Now, if you're not the chatty type, or if you're someone who forgets things, or someone who omits things you deem unnecessary, you may end up causing a riff in the waves of your relationship. If someone called and invited you to a party two weeks in advance, and you forget to tell your partner until the day of the party when you show up to pick them up—you might piss some people off. Also, if your partner is the jealous type, and you don't remember to tell them that your coworker stopped by to drop off something you left at work, accidentally bringing this up later may result in a "why didn't you tell me" thing, which will turn into a "you didn't tell me on purpose because you're screwing this person," kind of thing.

Trust Issues:

Which brings us to a big ol' CON on this whole LAT thing—trust issues.

*cue sirens blaring* *red flags are flying*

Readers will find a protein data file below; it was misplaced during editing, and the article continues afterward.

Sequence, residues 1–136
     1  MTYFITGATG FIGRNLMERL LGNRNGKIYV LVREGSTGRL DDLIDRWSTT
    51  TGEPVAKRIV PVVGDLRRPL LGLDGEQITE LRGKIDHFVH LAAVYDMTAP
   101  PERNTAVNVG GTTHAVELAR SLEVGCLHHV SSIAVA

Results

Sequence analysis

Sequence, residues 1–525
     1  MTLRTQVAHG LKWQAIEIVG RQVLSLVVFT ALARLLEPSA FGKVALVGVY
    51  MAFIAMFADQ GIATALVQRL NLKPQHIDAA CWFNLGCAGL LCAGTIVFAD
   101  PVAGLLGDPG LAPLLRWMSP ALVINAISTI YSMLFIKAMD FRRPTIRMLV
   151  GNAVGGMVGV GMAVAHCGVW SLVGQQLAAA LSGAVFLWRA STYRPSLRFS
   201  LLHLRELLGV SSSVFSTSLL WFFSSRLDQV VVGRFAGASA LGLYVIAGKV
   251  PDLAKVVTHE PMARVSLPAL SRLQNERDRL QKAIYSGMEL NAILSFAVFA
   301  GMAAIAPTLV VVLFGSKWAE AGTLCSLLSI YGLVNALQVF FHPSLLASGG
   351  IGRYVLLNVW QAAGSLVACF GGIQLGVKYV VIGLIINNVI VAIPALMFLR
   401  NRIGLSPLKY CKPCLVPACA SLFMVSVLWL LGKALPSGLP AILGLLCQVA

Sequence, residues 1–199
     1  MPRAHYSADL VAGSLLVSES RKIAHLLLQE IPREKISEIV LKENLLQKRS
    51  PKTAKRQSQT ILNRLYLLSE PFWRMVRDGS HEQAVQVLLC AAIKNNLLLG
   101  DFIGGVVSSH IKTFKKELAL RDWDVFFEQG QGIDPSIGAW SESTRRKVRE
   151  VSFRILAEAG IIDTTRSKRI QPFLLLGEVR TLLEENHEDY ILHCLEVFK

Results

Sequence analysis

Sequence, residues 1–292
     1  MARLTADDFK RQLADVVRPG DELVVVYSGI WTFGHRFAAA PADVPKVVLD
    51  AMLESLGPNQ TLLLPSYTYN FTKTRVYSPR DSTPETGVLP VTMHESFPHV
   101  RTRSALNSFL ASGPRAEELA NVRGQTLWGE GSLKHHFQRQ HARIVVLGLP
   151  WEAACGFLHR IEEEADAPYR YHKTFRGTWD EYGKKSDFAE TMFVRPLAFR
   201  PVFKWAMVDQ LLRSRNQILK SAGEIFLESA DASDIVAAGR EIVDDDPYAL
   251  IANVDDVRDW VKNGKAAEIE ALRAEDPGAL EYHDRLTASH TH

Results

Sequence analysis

If you or your significant other has any sort of trust issue, LAT isn't for you. The separation wouldn’t allow you to keep tabs on where your partner is, what they’re doing, and who they’re talking to, and that would eat you alive (also if you are that type of person, seek therapy and learn how to trust again because that’s no way to behave.)

Relationship Obligations:

An interesting point that I’ve come across while studying LAT is the fact that people who are engaged in maintaining a relationships whilst living elsewhere are more likely to be in their committed relationships for all the right reasons. If you aren’t living with your partner, you won’t experience the stuck feeling that comes with moving in with someone. Breakups are inevitably easier because they’re no packing up and moving out and re-splitting expenses, you just show up to get your box of things and you’re done—hassle free breakups. On the flip side, if you aren’t living with your partner and you don’t depend on them to help you cover financial aspects of your life (rent/mortgage, cable bill, etc.), then you are engaging in this commitment for more of the right reasons and how you feel about your relationship is based on how things are going, how you feel about the other person, and how much you enjoy spending time with them.